"I was following you, of course."
"Following me? I saw nobody."
"That is what you must expect to see when I am following you," said Sherlock Holmes.
Monsignor Knox cited this dialogue, along with the famous "dog in the night-time" passage, as an example of what he called "Sherlockismus." Nevertheless, the exchange isn't as well known as it deserves to be.
The great thing about Holmes's retort here is that it is so Sherlockian. It is the voice of a Master who knows he is a Master. We don't doubt for a nanosecond that what he says is true, nor do we think less of him for stating a truth.
Holmes may not be modest, but he is humble. Humility consists in honest recognition of one's abilities, not in false protestations that they don't exist.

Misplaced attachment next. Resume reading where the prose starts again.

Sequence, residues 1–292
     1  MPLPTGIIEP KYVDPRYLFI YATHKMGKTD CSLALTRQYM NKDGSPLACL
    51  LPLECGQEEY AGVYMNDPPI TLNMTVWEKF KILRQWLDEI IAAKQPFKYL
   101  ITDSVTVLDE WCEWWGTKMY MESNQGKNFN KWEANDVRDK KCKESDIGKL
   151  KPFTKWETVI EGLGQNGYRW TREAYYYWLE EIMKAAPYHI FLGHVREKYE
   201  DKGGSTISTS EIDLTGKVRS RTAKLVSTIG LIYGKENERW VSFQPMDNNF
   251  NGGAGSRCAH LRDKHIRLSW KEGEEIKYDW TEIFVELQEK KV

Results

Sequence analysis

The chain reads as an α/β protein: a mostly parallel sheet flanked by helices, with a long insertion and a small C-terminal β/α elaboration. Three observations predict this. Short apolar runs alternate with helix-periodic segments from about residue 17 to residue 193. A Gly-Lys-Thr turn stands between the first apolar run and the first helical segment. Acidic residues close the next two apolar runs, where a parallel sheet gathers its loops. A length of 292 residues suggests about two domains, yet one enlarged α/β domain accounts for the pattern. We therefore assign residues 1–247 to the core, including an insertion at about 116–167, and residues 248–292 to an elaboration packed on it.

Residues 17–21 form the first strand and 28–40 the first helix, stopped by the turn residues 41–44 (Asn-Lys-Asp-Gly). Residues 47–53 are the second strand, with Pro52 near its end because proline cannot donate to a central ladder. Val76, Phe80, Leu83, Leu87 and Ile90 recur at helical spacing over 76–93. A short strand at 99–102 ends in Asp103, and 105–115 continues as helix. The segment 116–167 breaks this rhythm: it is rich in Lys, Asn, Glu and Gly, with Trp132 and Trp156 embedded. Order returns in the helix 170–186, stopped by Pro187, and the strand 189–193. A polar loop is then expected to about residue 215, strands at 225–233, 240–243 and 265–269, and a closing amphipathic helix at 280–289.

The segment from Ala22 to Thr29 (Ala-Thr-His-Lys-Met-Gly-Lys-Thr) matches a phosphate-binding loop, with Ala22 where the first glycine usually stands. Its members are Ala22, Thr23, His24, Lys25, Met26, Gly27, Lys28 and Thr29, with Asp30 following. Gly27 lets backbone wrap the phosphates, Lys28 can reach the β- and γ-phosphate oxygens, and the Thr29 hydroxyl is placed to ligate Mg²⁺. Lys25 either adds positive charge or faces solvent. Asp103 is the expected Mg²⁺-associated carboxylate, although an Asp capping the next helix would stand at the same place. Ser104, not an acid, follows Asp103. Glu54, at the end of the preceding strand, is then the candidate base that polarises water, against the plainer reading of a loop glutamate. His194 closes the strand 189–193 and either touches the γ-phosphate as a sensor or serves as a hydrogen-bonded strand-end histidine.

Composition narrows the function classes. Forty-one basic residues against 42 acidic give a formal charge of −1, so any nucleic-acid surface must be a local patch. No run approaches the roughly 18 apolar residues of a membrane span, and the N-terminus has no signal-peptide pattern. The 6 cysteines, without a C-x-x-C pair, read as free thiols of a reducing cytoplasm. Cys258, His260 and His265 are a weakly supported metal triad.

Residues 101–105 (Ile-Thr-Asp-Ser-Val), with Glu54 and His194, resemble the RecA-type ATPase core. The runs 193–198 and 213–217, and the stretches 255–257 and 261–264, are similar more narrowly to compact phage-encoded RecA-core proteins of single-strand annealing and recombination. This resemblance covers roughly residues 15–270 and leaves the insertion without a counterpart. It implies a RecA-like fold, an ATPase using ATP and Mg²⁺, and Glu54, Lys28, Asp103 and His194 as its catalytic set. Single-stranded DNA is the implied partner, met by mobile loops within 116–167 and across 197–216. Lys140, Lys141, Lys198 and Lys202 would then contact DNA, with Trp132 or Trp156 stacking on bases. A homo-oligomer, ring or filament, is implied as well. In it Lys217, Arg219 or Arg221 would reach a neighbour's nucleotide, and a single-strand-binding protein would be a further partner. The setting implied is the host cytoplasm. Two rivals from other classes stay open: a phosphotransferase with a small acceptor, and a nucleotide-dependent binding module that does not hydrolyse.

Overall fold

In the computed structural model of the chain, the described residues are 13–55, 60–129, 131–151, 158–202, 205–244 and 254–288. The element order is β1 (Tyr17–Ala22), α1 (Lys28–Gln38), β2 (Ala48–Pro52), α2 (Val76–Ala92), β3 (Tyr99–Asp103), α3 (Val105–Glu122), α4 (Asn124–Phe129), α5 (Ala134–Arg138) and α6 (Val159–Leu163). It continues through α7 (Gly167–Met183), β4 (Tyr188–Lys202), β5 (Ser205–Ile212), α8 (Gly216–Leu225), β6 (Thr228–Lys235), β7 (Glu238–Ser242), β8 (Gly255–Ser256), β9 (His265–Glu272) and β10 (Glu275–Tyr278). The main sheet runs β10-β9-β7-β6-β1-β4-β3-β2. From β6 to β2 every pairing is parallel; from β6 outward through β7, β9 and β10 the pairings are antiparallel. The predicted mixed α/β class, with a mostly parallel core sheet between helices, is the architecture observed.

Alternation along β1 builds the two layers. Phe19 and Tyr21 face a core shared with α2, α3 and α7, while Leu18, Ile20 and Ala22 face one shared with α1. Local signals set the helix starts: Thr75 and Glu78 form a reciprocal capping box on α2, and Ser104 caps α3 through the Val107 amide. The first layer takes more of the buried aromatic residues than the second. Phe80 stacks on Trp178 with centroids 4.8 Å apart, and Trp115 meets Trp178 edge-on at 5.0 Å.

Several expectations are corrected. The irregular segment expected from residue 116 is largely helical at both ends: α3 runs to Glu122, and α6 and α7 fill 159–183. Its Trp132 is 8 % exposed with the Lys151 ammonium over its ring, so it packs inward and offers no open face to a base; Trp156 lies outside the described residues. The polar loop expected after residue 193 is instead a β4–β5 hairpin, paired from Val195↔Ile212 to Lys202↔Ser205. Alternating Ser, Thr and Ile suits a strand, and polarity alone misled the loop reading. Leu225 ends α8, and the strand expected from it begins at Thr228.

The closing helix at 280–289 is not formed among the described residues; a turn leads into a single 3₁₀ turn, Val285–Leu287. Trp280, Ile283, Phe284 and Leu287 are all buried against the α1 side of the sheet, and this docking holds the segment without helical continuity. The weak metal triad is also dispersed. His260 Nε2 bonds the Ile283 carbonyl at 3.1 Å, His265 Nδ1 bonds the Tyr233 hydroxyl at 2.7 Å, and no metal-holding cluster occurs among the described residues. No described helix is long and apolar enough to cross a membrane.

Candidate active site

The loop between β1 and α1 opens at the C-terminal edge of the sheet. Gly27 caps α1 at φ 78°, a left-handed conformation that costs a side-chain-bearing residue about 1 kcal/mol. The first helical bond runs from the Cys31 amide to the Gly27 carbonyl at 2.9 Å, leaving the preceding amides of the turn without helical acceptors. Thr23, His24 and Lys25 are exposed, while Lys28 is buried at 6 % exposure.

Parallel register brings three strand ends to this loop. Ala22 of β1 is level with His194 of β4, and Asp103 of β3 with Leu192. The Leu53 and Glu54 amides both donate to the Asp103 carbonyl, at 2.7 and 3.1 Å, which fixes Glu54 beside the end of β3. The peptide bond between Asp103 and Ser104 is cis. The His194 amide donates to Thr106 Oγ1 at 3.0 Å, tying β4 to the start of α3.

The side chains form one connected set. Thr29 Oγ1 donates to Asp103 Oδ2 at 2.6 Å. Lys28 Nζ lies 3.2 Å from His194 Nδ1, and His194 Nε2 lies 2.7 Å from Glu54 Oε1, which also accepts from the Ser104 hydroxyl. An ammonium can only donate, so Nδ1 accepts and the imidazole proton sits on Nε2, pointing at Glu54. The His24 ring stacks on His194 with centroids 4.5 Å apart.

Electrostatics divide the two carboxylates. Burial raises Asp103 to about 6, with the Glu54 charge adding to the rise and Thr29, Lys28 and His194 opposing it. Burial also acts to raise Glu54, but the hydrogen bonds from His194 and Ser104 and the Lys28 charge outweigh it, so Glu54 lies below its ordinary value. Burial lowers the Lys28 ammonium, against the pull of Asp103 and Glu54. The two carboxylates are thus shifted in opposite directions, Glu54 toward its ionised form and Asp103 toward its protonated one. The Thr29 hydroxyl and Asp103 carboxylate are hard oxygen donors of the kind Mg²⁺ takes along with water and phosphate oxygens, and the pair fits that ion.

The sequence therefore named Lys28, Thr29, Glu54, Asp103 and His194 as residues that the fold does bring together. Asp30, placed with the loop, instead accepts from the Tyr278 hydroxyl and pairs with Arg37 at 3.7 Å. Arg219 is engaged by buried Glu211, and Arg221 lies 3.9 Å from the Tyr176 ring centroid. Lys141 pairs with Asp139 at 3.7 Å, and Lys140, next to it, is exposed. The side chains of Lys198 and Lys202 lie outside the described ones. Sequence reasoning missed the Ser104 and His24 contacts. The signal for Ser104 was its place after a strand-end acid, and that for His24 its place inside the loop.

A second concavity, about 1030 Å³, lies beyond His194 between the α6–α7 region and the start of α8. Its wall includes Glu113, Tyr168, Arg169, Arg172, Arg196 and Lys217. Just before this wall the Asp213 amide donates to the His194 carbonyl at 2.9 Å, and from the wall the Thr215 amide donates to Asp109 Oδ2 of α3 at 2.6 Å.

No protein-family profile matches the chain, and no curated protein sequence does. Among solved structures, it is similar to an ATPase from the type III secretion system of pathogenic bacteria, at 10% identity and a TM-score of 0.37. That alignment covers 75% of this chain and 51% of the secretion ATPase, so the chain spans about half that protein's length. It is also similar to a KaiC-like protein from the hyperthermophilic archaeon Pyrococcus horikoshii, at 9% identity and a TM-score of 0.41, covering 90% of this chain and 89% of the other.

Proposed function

This is also a nice reminder, if we needed any, that Holmes is no armchair detective, nor were his methods unique. He didn't eschew something as simple as following a suspect, but we can be quite confident that he did it better than anyone else -- especially Watson!
In what story does this priceless piece of dialogue take place?